It's Diablogical!
A Collaborative Diablog on Feminist Pedagogy
KCF’s Creating Community Comments

I finally did it! Feeling like this took years to do, I am really valuing the flexibility of blogging (which is not a topic we’ve really spoken about) but how a blog will always be there for you when you’re ready to post! Thank you Diablogical for helping me get t his out, and SLP for allowing me to do it on my time! I am going to plug these into our article and then also spend some time thinking through the rest of our assignments (hopefully tonight or tomorrow) by our meeting on Friday. Also, I haven’t had a chance to look at your responses really so I want to do that and make some comments! I’ll be trying to do that in the next few days as well!


Establishing community through authenticity and accountability

Part of my pedagogical approaches every course I teach involves the creation of some type of community within the classroom. In Women’s/Gender Studies it seems that this is an imperative for ensuring ample room for new ideas/different perspectives to emerge. Establishing and fostering a feminist community through blog space allows for more opportunities for virtual consciousness raising to occur. In this way, students are able to access their feminist selves in multiple venues – in class, online, in the context of course work, and in connecting/applying coursework to their own lives. They might also be able to have a variety of venues within the context of the class to share different “selves” – their feminist self, their writerly self, their student self, their activist self (etc.) – in a more fluid and integrated ways, thus dissolving the borders between students’ “real life” and their “school life.” In terms of my own blog, I create the community in which I want to belong through the way that I write, what I write about, and how I choose to share that writing with others.

Engaging in shared knowledge production

Blogging allows for students and teachers to create knowledge together. While posts may initially come from one writer the process of engaging with a blog (through reading, writing posts/commenting) create opportunities for new shared knowledges to emerge. I enjoy how blogging allows for multiple voices to be heard in conversation with one another and how the use of course blogging further facilitates dissolving the usual binary of theory-maker/theory-reader. While most of my blog assignments ask students to individually post and be in conversation with one another, I also see the potential power in asking students to do group work together on blogs which further instills a sense of communally produced knowledge. The great thing about blogging is that there are so many different ways to implement it into a course so that the instructor can really pick and choose what might be the best combination of assignments to encourage shared knowledge production in both explicit (group work/posts/comments) and implicit (reading, individual posts) ways. Producing knowledge together through course blogging also empowers students to create alternative (cyber) forms of community with peers, instructor and within the greater interconnected webs of the Internet as well as valuing feminist principles of non-hierarchical knowledge production.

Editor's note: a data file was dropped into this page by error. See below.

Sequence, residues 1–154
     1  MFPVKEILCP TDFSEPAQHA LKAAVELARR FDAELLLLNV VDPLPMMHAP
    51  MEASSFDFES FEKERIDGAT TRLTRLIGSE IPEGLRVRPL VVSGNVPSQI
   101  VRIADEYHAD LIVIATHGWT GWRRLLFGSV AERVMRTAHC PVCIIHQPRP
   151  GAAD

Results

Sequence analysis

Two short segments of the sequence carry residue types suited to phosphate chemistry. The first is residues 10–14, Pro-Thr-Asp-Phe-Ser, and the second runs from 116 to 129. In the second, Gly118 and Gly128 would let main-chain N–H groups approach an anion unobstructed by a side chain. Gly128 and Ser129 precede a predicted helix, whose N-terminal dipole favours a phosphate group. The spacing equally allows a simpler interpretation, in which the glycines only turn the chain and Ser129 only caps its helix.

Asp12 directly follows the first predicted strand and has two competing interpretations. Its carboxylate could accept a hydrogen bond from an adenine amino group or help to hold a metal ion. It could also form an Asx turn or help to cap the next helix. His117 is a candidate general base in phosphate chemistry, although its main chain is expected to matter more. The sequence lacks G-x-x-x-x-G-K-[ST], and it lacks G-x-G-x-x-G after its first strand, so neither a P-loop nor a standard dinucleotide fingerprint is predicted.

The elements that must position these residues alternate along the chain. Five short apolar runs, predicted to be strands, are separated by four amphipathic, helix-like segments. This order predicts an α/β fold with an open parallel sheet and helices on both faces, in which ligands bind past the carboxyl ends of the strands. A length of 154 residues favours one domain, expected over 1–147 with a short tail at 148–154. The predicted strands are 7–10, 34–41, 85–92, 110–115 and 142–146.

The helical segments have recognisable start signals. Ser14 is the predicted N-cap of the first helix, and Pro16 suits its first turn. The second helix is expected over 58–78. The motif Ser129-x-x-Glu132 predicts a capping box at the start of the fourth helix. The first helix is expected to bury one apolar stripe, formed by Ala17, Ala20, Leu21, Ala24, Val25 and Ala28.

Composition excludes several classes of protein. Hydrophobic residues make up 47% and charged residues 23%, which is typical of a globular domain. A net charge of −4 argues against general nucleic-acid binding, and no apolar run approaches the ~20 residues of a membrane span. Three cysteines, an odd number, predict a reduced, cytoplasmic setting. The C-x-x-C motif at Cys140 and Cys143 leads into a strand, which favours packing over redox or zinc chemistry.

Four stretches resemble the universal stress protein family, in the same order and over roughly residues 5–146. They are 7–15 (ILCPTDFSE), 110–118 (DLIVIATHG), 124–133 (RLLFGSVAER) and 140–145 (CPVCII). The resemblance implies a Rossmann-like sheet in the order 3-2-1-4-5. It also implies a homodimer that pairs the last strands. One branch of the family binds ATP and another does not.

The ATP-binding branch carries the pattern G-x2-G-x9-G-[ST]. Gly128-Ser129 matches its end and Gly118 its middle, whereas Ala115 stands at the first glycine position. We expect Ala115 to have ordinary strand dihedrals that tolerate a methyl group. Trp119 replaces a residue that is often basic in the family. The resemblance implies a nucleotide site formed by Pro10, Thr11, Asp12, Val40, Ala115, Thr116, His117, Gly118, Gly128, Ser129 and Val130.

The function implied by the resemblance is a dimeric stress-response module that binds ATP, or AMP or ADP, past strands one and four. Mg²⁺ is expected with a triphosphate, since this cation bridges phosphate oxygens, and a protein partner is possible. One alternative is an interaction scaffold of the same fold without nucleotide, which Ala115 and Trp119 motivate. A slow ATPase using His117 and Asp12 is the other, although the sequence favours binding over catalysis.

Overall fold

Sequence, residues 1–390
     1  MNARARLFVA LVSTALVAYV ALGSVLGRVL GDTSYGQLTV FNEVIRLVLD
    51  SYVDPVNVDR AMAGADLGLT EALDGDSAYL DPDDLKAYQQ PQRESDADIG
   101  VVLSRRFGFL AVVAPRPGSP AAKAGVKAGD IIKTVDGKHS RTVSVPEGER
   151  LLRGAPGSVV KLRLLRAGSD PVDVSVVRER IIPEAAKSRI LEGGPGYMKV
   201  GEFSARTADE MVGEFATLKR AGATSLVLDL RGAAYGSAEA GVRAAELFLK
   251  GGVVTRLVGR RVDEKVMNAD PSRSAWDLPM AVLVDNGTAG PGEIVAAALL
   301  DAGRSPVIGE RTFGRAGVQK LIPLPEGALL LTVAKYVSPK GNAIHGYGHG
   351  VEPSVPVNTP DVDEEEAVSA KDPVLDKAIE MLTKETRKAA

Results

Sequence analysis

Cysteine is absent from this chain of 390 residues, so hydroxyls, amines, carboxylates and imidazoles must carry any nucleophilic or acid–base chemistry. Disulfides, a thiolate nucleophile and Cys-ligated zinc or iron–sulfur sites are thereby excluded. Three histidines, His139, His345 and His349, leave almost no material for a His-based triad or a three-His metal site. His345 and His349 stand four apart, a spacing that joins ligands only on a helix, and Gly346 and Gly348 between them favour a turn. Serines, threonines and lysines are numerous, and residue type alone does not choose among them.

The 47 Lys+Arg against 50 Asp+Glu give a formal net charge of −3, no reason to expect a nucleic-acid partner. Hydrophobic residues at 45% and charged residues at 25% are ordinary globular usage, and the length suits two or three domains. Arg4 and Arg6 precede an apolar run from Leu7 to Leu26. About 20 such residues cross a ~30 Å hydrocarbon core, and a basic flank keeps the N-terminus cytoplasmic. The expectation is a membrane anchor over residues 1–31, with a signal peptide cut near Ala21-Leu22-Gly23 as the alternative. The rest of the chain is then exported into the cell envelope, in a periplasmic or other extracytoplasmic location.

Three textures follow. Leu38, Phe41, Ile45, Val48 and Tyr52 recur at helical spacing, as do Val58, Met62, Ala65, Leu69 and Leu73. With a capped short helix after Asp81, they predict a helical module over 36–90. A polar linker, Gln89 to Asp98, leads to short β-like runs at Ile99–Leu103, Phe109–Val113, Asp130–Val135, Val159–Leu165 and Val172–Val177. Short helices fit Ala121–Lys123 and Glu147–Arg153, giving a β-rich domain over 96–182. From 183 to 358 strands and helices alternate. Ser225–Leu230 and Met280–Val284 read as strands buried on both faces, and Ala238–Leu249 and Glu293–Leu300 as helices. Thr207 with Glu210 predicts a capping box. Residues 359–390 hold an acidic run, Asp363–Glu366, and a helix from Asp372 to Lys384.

1 Comment to “KCF’s Creating Community Comments”

  1. SLP says:

    One thing that neither of us explicitly mention in terms of communities is this: because the blog is a public forum, it opens up the conversation/s and community to those beyond the classroom. Here’s something you wrote about this at the beginning of our diablog:

    Lastly, in her conclusion she states that, “…using virtual space to transcend physical borders with the goal of inciting collective action and social change can build bridges between women globally” (Kennedy, p. 4, para. 4). To me, I like to think about this in the context of the classroom, again, as a means to disrupt the walls of the ivory tower vs. those who are engaging in feminist politics/activism “on the ground.”